I’ve attempted to reproduce this problem (unsuccessfully) with a small macro. I do however see behavior that may be related to this issue. In the attached file, I do a 2D integration over a double gaussian. I make a cut inside the integrand on anything outside of a circle of a given radius.

Running the macro performs the integration over several radii, with the output:

cut 200 val 1 relerr 1.46826e-06 nevl 10013 ifail 0
cut 13 val 0.520605 relerr 4.05209e-05 nevl 10013 ifail 0
cut 12.9 val 0.276897 relerr 9.07219e-06 nevl 10013 ifail 0
cut 12.8292 val 0.000169624 relerr 2.12654e-11 nevl 10013 ifail 0
cut 12.5 val 0 relerr nan nevl 999991 ifail 1

This, at least, exhibits the issues with wide integration bounds. You can see that small variations of the cut radius around 13 greatly impact the integration result. Of course, it would be better to set the bounds more appropriately, but this is extremely difficult (if not impossible) for my integrand.

I appreciate any help you can give on this. It may be that this integration is not well suited for my purposes, and I will continue with VEGAS or other options.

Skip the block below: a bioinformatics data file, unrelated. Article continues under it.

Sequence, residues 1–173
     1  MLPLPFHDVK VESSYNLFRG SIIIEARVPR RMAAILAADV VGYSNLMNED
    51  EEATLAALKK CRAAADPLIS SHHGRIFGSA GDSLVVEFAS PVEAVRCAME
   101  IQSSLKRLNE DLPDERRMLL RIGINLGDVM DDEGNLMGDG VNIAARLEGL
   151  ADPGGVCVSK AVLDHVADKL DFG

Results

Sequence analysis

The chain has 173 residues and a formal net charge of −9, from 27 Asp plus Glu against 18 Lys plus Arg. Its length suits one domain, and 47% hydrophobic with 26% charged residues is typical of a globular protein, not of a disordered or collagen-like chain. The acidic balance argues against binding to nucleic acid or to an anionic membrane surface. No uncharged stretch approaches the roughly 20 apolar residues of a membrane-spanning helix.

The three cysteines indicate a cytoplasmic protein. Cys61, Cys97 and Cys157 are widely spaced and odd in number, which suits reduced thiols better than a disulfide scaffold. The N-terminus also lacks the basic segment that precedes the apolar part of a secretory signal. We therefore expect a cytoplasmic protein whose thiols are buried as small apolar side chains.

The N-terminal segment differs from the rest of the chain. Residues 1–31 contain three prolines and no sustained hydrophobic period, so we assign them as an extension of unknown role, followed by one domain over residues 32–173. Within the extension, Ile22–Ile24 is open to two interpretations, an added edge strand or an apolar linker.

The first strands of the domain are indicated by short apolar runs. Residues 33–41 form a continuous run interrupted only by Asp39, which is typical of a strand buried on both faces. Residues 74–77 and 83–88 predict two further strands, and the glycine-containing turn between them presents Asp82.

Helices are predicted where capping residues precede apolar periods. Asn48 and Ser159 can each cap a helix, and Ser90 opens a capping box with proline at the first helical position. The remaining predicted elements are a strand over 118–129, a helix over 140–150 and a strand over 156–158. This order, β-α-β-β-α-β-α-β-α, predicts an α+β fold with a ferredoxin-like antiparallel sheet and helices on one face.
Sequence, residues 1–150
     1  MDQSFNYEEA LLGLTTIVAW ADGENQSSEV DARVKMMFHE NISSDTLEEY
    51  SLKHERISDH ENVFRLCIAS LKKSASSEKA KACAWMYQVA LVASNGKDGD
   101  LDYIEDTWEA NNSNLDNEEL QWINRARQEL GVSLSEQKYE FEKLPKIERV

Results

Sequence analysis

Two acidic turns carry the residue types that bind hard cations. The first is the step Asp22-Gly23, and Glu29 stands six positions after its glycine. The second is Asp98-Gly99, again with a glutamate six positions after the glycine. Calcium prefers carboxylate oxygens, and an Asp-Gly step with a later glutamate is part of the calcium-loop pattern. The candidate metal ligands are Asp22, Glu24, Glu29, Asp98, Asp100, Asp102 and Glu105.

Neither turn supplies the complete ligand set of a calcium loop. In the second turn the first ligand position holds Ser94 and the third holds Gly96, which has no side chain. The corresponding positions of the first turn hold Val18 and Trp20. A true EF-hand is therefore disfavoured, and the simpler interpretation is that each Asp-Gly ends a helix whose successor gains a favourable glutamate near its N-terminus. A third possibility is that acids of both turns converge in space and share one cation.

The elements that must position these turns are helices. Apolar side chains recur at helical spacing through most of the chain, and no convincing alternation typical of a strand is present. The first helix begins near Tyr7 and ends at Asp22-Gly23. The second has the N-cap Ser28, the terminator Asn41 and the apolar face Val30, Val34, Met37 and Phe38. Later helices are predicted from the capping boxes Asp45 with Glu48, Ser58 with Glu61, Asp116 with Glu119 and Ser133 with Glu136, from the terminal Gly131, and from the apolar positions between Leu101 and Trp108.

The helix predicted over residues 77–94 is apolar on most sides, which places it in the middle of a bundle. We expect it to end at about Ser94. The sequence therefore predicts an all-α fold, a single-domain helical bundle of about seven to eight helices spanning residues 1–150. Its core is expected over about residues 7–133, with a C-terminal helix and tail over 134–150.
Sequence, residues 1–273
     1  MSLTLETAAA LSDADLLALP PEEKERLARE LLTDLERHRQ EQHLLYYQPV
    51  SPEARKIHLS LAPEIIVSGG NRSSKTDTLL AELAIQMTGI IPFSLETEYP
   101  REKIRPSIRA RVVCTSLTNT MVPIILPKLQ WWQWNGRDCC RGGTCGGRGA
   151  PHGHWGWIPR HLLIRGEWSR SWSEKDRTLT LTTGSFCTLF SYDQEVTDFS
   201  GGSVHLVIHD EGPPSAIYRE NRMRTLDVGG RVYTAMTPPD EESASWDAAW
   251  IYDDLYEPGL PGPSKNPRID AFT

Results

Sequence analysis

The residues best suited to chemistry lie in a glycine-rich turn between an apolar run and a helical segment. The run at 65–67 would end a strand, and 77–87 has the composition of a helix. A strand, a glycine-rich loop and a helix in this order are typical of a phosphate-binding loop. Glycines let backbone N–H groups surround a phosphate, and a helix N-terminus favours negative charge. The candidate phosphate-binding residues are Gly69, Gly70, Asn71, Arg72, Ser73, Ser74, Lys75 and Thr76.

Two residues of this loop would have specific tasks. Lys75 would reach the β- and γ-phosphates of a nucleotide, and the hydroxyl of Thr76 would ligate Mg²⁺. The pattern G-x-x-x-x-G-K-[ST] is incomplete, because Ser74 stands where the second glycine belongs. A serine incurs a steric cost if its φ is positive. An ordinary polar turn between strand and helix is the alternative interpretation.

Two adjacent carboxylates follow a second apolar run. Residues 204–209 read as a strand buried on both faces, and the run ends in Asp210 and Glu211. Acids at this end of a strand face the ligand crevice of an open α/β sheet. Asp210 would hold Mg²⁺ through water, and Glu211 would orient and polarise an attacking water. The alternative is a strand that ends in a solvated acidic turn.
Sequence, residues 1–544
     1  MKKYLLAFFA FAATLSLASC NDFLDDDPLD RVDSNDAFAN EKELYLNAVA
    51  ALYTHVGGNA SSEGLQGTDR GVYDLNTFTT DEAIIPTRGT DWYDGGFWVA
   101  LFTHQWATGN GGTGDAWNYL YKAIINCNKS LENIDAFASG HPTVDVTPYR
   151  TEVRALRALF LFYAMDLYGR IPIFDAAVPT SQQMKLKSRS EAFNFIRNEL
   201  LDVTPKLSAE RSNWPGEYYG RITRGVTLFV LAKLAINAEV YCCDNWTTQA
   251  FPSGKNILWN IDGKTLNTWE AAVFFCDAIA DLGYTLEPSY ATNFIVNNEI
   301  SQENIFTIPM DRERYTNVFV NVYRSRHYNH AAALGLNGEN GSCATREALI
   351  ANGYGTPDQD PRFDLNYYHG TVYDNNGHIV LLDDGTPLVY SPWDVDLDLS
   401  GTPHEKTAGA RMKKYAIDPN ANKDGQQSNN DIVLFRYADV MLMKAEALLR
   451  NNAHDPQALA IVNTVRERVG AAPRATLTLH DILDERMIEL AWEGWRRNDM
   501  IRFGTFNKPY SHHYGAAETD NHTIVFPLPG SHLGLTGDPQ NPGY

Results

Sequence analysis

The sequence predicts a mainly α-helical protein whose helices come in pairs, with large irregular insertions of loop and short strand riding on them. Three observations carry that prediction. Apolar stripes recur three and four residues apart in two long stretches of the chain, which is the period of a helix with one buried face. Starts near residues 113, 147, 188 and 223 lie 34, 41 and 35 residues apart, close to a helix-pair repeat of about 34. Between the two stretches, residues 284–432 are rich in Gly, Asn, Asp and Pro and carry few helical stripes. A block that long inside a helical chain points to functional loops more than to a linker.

Thanks,
Brian
IntegralMultiple.C (1.6 KB)

Hi, Brian,

Yes, the algorithm is not very stable as to moving the limits around. But at least here it gives an error message. It would be very interesting to look at the case when it exits before reaching the maxpoints, with ifail=0 and a wrong result.
In general, I’d say that for very wide limits and sharp peaks in unexpected places you’d probably have to use Vegas - the algorithm in IntegralMultiple is not suited for your case That, of course, if breaking up the integration space doesn’t help or gives too much overhead in time.
There are plans for adding some GSL functions to Root as a separate optional library in one of near future releases. Maybe that would make your life a little easier.

Anna,

Thanks again for looking at this.

Unfortunately, the code performing the integration is tied to my analysis code and cannot run outside of the CDF environment. I’m not sure that I can provide you a copy of this code – at least not one that you would be able to test and compile yourself, etc.

I was taking advantage of ROOT’s wrapper around the fortran cernlib integration in using IntegralMultiple. It was no trouble for me to implement gsl’s integration – though as you say, this may be helpful for some users.

Brian